An Alpine neighborhood is buzzing after a giant rattlesnake was discovered in the backyard of a home.
The homeowner told 10News a gardener found the five-foot-long snake on Wednesday and killed it with a shovel before it could harm anyone.
Evelyn Lancaster said while the size of the snake was a shock, it didn't surprise her.
"When we've seen them along the house; they've been stretched out … I believe in Darwin's theory, if they come into our yard and if they're out when we're out, then if we see them they're not leaving."
Lancaster said she and her husband have killed 18 snakes in their yard. Neighbors have caught or killed at least four.
"Two years ago was a real bumper year for us," she told 10News.
Lancaster said one young girl thought a snake was a jump rope jump and nearly reached down to pick it up.
The close calls and encounters with the snakes come with the territory, but it has the neighborhood talking.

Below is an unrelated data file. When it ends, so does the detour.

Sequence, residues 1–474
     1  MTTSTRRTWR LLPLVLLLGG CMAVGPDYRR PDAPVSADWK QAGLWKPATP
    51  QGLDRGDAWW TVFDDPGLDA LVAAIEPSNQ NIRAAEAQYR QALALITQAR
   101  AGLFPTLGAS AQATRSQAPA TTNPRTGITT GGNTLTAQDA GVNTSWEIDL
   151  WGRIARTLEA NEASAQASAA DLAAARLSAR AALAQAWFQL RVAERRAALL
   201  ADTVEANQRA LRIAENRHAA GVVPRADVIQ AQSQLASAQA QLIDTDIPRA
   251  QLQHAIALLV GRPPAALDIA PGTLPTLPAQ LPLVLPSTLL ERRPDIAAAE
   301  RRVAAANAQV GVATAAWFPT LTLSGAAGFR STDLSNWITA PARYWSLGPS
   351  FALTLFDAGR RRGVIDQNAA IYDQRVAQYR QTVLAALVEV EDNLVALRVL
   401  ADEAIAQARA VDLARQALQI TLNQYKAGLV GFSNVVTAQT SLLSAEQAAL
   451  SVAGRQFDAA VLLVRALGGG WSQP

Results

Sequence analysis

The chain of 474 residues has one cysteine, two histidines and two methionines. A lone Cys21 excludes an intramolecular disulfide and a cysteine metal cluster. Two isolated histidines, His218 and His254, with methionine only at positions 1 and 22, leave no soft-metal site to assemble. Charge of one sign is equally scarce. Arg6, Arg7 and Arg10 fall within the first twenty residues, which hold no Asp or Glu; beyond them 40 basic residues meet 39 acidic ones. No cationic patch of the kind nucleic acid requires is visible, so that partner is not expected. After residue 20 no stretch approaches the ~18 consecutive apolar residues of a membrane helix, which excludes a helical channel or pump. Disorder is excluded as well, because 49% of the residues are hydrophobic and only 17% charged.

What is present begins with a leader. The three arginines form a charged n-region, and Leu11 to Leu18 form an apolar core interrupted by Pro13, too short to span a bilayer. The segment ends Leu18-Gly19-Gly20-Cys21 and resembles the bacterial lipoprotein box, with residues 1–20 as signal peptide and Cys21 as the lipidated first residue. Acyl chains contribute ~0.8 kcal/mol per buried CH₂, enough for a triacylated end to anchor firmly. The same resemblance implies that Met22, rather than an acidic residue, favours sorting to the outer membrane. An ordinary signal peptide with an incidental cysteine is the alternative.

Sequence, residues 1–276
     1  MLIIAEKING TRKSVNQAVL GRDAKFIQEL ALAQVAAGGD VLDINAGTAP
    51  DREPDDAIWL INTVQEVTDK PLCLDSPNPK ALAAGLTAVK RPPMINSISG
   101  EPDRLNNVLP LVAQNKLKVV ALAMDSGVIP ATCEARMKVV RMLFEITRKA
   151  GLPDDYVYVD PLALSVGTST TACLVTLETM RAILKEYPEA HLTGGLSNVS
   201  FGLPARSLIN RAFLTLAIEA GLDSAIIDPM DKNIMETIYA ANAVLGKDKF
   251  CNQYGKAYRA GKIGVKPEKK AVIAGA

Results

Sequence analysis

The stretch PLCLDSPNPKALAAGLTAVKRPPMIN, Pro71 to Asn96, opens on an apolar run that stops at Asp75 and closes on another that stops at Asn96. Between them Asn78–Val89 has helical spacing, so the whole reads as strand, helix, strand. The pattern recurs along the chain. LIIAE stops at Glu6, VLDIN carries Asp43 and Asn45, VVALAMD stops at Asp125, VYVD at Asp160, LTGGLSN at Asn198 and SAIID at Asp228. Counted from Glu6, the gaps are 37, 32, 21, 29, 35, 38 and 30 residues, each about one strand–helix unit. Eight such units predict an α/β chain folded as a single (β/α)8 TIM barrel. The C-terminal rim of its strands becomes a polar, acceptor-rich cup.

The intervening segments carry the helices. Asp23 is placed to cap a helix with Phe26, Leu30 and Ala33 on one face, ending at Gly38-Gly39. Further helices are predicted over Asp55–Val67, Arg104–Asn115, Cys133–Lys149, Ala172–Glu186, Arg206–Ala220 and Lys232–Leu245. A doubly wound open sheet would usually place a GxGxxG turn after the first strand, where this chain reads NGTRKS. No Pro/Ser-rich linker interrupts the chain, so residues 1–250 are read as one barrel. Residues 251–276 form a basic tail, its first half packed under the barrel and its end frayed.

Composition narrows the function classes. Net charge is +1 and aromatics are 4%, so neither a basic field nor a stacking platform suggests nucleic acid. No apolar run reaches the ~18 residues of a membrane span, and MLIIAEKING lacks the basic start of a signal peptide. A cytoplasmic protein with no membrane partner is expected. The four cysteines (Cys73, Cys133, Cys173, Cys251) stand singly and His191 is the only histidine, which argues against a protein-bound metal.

Lancaster said, "You know, the one-year-olds, they get one little nib for every year, but they don't make a lot of noise."
Their lack of noise makes it difficult for people and pets to hear, but that's not the only thing that makes the baby rattlesnakes so much more dangerous.
"They don't control the sacks, so when they bite they empty the sacks," said Lancaster.
Adult rattlesnakes give just enough venom to kill their prey.
"You know, they really haven't hibernated this year because it's been so warm," Lancaster pointed out.
Experts say rattlesnake season usually starts in March or April when the weather warms up and they come out of hibernation.